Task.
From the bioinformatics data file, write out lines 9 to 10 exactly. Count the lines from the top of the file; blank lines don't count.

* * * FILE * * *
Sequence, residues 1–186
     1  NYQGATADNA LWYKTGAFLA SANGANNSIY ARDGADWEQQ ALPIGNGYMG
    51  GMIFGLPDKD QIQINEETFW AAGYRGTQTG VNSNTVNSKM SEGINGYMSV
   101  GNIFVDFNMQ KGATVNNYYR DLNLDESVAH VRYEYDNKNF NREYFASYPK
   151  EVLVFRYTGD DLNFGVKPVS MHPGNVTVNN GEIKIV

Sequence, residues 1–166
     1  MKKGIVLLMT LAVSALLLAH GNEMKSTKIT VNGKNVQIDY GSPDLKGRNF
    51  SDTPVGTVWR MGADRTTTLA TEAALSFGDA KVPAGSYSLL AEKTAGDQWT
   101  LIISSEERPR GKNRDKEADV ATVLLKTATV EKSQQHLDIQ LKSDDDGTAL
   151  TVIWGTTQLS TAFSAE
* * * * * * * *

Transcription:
   101  LIISSEERPR GKNRDKEADV ATVLLKTATV EKSQQHLDIQ LKSDDDGTAL
   151  TVIWGTTQLS TAFSAE